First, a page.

It was around midnight, but the city was still awake and very much alive. There was some traffic on the streets and people on the sidewalks were talking and laughing as though it were the middle of the day. We were in Sao Paulo, Brazil, on a Sunday night in June. Ricky has spoken in both the morning and evening services, and we’d had a meal after the last service, so it was very late. We were too tired to walk the 35 minutes back to our hotel so the missionary who was our host gave us clear instructions on how to ride the subway back to the Comfort Inn. He emphasized that once we got off at our stop, we were to take the stairs on the left, not the right. We felt pretty confident as we quickly walked onto the train to Santa Rosa Station. It seemed simple enough. Getting off, we were surprised to see that the exit we were to take had been barricaded for the night. There was no choice but to take the stairs to the right.

Coming up onto the street, we realized the reason we were told not to take that exit. It was all dark and quiet, with no cars, no policemen or friendly people out walking their dogs. Nothing looked familiar. Down the street we did see a couple of teenagers in dark jackets with hoods, hovering together. We had lost our sense of direction and there was no help in sight. Here we were in a foreign country, all alone and a prime target for mugging.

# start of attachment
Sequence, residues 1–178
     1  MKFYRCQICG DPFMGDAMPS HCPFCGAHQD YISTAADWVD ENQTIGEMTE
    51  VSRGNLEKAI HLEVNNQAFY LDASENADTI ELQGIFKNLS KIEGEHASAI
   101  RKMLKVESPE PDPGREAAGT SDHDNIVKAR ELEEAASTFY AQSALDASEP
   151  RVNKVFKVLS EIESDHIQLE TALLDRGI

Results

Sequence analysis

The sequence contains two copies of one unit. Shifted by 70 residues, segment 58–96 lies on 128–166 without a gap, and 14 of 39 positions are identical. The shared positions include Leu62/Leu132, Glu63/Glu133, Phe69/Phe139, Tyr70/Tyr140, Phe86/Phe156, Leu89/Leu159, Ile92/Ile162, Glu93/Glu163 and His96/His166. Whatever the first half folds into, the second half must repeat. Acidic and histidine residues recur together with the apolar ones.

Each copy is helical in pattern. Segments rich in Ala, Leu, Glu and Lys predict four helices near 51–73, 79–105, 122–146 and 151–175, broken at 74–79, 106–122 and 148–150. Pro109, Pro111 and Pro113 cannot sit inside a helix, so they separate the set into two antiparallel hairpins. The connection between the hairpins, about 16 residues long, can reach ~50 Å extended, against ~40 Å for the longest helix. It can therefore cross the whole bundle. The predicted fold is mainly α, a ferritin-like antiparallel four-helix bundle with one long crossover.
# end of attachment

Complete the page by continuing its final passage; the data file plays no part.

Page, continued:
But I was not afraid. I had my protector right beside me. I was sure Ricky would jump into action if anyone tried to hurt me. Not only that, but he is really good with directions and I knew he’d find our way back. Within minutes he spotted the main street a couple of blocks over and calmly said, “This way, our hotel is right over there.” What a relief!

Some time after that incident, I was reading from Exodus 20:21 and found that Moses had at least one night like the one I just described. “And the people stood afar off, and Moses drew near unto the thick darkness where God was.He had come down from the mountain, after having received the Ten Commandments. Instead of a warm welcome, the people drew back in fear. There was thick darkness in the camp. But Moses was not afraid. In fact, he boldly stepped into the blackness, because God was there. In reading the surrounding verses, we learn that Moses had a close relationship with God. He trusted Him.  He knew God would protect him. There was no need to worry.

When we find ourselves in the pit of despair, loneliness or fear, it’s a comfort to know that our God is there for us, in the black of the night. All we need to do is to draw near to Him, as Moses did. Peace and comfort are waiting.